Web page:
Dr. Brady

Department of Anthropology


Summary of Naj Tunich Cave Archaeology


Naj Tunich: Entrance to the Maya Underworld
Naj Tunich New Extension
Naj Tunich Vandalism
Multispectral Analysis of Ancient Maya Pigments
Naj Tunich Bibliography


Dr. James E. Brady
Department of Anthropology


     Caves may have been the most sacred places in the ancient Maya landscape, but up until two decades ago, they had been all but ignored by archaeologists. The discovery of Naj Tunich in 1980 and its publication in the August 1981 issue of National Geographic was to change all of that.  Naj Tunich is the preeminent Maya cave site, boasting the most cave architecture ever found, the only elite masonry tombs reported from caves and the largest (and most exceptional) corpus of Maya cave inscriptions and paintings. The investigation of the site throughout the 1980s and the attempt to understand its obvious importance was the catalyst that led to the formation of the field of Maya cave archaeology.

     Naj Tunich is the Mopan Maya term for cave and literally means "stone house", because caves were conceived of as places where the gods lived. But among caves, Naj Tunich must always have been something extraordinary. All the Q'eqchi' Maya in the area agree that it is the largest cave and, shortly after its discovery, one man expressed the opinion that this was where the corn god dwelt.  By 1986, Naj Tunich was drawing regular pilgrimages from local villages of groups making petitions for rain and a good harvest. This is ironic because the hieroglyphic inscriptions suggest that the cave drew visitors from numerous sites and I have proposed that Naj Tunich was an important pilgrimage center on at least a regional scale.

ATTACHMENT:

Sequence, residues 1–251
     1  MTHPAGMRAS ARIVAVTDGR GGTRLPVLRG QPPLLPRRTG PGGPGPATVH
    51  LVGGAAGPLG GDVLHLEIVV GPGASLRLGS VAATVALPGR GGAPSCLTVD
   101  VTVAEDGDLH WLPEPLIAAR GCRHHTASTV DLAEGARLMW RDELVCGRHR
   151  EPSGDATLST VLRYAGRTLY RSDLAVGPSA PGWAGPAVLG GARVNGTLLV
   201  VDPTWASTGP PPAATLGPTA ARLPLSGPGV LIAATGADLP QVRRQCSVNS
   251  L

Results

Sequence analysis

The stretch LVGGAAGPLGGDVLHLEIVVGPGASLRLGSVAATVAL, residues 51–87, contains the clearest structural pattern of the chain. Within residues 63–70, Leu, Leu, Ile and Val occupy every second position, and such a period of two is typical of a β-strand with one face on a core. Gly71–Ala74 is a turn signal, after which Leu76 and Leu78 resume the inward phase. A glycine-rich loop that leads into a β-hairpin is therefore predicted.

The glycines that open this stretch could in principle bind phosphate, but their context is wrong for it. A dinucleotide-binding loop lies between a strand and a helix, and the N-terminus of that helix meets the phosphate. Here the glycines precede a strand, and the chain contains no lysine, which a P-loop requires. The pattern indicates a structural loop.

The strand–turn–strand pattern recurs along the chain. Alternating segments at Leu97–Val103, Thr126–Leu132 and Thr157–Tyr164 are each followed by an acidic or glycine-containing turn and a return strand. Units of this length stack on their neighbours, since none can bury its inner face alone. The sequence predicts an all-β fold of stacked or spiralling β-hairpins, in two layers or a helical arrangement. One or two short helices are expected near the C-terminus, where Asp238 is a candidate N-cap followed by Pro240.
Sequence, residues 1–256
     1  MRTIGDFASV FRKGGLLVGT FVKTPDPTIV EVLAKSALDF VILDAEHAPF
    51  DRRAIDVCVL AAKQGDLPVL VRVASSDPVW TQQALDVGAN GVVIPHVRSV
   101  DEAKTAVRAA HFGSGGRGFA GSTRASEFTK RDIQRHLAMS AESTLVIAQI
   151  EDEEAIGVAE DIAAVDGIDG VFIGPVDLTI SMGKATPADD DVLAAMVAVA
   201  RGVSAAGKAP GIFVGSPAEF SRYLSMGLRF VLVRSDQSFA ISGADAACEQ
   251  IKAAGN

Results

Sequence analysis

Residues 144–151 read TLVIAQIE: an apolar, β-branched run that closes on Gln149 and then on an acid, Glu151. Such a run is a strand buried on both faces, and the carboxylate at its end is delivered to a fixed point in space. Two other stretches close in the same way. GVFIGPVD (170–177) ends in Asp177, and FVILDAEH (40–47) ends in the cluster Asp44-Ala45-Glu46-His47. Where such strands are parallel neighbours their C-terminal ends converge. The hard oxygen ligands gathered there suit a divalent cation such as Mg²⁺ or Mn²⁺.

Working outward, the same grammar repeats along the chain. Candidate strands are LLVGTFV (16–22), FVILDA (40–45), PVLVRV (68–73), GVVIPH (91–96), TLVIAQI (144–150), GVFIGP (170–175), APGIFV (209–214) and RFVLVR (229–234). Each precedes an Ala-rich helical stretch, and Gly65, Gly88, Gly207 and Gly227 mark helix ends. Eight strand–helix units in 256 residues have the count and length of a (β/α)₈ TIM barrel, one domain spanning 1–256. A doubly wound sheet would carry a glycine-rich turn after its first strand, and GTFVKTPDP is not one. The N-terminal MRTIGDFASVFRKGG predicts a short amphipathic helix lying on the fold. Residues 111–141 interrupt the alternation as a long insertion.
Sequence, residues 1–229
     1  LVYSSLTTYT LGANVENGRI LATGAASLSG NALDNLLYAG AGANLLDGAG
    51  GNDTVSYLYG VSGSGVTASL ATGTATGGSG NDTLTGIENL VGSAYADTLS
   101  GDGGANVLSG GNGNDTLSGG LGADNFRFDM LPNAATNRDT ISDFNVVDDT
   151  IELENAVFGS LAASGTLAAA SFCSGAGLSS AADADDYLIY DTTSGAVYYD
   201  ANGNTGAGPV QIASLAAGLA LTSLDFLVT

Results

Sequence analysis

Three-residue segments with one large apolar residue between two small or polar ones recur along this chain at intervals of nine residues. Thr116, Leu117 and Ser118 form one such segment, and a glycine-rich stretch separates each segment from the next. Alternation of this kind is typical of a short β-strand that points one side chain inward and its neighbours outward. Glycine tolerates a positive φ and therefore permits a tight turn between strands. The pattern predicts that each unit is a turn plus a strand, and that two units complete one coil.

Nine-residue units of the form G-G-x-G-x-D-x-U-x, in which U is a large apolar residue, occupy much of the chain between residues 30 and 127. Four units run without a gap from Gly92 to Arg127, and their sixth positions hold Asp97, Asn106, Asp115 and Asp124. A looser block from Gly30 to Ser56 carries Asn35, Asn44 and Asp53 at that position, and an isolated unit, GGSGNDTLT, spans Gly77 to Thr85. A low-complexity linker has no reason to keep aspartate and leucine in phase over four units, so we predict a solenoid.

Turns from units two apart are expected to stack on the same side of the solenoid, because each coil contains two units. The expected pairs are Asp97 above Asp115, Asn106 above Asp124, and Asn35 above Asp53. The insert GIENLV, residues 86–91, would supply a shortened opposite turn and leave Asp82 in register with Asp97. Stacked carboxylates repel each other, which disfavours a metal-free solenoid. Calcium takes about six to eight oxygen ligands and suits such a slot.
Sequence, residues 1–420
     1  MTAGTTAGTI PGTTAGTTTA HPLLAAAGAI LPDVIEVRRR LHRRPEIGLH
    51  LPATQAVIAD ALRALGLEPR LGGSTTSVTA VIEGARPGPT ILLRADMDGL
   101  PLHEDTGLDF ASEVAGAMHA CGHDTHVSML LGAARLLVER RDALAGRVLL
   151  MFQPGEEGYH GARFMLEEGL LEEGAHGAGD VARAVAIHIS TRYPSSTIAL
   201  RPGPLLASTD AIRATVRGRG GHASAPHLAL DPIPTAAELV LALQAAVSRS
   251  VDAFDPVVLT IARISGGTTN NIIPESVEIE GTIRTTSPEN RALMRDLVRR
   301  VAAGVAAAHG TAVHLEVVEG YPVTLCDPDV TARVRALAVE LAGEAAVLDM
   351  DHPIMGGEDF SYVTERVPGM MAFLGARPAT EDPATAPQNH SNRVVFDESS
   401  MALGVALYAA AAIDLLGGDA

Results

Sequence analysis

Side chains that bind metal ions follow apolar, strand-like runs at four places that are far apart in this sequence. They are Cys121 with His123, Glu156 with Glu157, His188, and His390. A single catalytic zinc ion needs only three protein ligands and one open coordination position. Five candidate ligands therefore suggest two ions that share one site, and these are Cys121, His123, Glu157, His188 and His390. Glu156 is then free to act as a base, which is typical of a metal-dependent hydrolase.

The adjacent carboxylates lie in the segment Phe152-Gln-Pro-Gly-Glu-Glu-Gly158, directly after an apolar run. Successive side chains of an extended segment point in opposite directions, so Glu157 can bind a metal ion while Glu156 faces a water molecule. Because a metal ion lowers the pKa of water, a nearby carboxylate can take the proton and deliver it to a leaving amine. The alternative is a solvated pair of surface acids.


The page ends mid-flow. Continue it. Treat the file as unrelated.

The site has always produced its share of surprises.  Initially, the large corpus of inscriptions aText Box:  

Monumental architecture inside some chambers enhanced their sacredness.
nd paintings located deep within the tunnel system received the greatest attention. In carrying out the archaeological survey of the cave, I was fortunate that Dr. Andrea Stone agreed to undertake the painstaking task of recording each and every image. While working with Stone in 1988, geologist George Veni found a previously undiscovered passage that dramatically increased the size of the cave and yielded a number of important new paintings. That brought both Stone and myself back in 1989 for more recording. Stone finally completed the illustration and analysis of the entire corpus in 1995 in a wonderful book, Images from the Underworld: Naj Tunich and the Tradition of Maya Cave Painting. But the surprises didn't end there. While recording the paintings with Dr. Gene Ware in 1999 using multispectral imaging, we discovered several totally unexpected cases of over-painting that are now making us suspect that the history of the paintings is far more complex than we had Text Box:  thought.

     In 1989, the cave was vandalized, the pictures defaced and treasures looted. A gate put at the entrance to the cave only partially protected it. Further measures of protection have been put in place. More research of the cave and the painting is projected for future seasons. Naj Tunich cave still has secrets to be discovered.

Dr. James Brady
Department of Anthropology
Tel. 323-343-2024 (office)
Tel. 626-299-0866 (home)
Fax. 323-343-2446
cavearchaeologist@juno.com or  jbrady@calstatela.edu